NDARC Technical Report No. 201 (2004)


In Australia ecstasy is the third-most popular illicit substance (after cannabis and amphetamines, with patterns of increasing use compared with other illicit drugs over the last 5 years. Recent anecdotal evidence suggests that it is becoming increasingly popular among ecstasy users to attempt to negate certain side-effects through the concomitant use of pharmaceutical drugs or supplements. This is of concern, as some of these ecstasy-pharmaceutical combinations can have potentially serious health consequences.

This study recruited 216 ecstasy users, the majority of whom were from the Sydney metropolitan area. Generally, this sample was young, well educated, and likely to be in some form of paid employment. Males were slightly overrepresented within the sample. Consistent with similar recent studies, the average frequency of ecstasy use for this group was about ten days in the last six months, although this ranged from one day in the last six months to four days per week. About one quarter of the sample had deliberately taken a pharmaceutical substance for its putative effects on the euphoric effects or recovery from ecstasy use. Viagra and benzodiazepines were the most commonly used pharmaceutical substances, the former almost always used for sexual purposes and the latter usually for its calming properties. Anti-depressant medication was also common amongst this sub-group of people, as it was purportedly beneficial in increasing the strength of the ecstasy ‘high’ and in assisting with the ‘comedown’ period.

Among those reporting symptoms associated with concomitant use of ecstasy and antidepressants were more likely than those using ecstasy alone to report potentially serious effects such as muscle rigidity; nystagmus; dizziness; headache; and profuse sweating. Those who reported using pharmaceuticals were significantly more likely to be male, had more ‘apparent’ years of use and were more likely to have injected party drugs. This suggests the need for particular harm reduction messages around serotonin syndrome for this high risk group. The use of a large range of pharmaceuticals, in a variety of combinations for contradictory purposes suggests that there is a need for harm reduction information for ecstasy users regarding the risks associated with the mixture of ecstasy and other “party drugs” with pharmaceuticals and supplements. Particular attention should be paid to informing users of the potentially fatal serotonin syndrome that is likely to arise from combining ecstasy with the SSRI and MAOI groups of antidepressants or these antidepressant groups with each other. In addition, given the early stage of the research on the products that may have a role in protecting users from the neurotoxic effects of ecstasy use the harm reduction messages should contain techniques for minimising the harms that do not involve the use of other drugs or products.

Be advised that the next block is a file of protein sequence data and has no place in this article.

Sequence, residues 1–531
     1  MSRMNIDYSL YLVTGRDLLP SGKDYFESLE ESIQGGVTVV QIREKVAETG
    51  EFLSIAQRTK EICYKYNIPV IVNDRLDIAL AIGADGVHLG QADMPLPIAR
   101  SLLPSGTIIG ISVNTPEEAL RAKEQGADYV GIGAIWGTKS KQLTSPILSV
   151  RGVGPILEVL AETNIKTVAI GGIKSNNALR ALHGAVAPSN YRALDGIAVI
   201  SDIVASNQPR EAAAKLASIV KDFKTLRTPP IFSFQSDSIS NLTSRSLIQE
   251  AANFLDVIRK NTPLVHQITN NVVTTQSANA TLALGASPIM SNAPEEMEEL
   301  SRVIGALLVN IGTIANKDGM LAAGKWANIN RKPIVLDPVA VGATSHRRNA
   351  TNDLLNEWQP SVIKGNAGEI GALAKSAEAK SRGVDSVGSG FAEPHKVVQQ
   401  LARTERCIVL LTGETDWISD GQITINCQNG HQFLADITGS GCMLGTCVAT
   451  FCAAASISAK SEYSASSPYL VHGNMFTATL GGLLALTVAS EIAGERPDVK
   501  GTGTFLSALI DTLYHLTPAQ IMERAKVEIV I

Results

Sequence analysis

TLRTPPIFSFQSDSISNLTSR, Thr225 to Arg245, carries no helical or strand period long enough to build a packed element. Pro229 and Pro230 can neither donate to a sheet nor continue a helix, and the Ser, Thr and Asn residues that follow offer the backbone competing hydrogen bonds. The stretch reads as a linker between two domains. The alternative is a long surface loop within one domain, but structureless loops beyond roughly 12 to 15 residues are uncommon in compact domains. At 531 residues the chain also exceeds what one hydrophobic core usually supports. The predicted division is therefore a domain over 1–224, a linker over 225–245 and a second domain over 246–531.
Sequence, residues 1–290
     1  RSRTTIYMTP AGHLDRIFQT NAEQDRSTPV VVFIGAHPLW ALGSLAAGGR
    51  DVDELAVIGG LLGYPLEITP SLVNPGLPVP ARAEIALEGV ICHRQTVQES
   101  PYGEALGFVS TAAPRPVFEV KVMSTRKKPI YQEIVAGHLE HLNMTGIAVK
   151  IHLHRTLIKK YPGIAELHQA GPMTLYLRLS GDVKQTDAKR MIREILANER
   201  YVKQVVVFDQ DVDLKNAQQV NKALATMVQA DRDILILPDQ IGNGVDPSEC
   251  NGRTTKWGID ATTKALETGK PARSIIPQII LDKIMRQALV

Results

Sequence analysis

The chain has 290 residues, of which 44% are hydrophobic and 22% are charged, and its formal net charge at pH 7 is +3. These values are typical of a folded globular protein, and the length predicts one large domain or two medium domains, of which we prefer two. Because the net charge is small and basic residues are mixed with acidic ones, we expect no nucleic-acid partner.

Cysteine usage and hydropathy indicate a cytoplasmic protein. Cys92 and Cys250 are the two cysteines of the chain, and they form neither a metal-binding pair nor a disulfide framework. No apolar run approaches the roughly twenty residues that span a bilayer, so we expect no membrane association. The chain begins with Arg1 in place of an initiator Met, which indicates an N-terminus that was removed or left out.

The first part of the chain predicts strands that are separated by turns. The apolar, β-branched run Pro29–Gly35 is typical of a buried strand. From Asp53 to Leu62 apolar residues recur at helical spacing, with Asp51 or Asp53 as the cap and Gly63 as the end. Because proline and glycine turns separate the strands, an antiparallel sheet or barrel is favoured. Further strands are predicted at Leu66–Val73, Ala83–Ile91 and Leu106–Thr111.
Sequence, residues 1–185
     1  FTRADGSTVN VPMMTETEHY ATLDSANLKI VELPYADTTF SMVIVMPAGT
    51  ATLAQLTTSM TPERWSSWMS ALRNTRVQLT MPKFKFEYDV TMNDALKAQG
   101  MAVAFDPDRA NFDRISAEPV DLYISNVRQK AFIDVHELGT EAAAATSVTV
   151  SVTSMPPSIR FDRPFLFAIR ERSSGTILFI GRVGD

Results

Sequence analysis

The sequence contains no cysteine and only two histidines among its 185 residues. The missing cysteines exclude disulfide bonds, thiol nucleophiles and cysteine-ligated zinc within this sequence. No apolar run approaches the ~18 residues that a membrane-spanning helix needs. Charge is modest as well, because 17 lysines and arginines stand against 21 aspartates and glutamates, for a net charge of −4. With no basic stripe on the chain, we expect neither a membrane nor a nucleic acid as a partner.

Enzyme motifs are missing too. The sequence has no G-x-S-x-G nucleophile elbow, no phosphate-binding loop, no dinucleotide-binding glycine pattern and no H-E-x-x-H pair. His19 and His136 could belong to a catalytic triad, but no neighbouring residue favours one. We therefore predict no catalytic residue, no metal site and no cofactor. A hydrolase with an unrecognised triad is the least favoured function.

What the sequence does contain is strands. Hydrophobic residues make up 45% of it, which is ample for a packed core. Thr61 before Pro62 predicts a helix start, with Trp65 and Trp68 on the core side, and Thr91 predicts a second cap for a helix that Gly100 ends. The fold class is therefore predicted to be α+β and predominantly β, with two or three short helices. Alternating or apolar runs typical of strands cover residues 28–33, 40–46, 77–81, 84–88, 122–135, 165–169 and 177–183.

The most common source of these pharmaceuticals was from friends and this study has raised a number of concerns for primary health care practitioners and pharmacists, particularly education on how and why ecstasy and pharmaceutical are used by this group and to question young males in particular on their need for Viagra, antidepressants and sedative-hypnotics. Accurate information from medical practitioners and pharmacists to ecstasy users may reduce this diversion and unsafe use of pharmaceuticals; improve screening for ecstasy-related symptoms; and reduce the likelihood of the additional health risk of mixing ecstasy with other illicit drugs; anti-depressants and products that affect the serotinergic pathways. The public health issues in driving while intoxicated and high risk sexual behaviours should also be addressed.

Citation: Copeland, J., Dillon, P. and Gasciogne, M. (2004) Ecstasy and the concomitant use of pharmaceuticals, Sydney: National Drug and Alcohol Research Centre.



J. Copeland, P. Dillon, M. Gascoigne
Date Commenced
15 Oct 2004
Resource Type
Technical Reports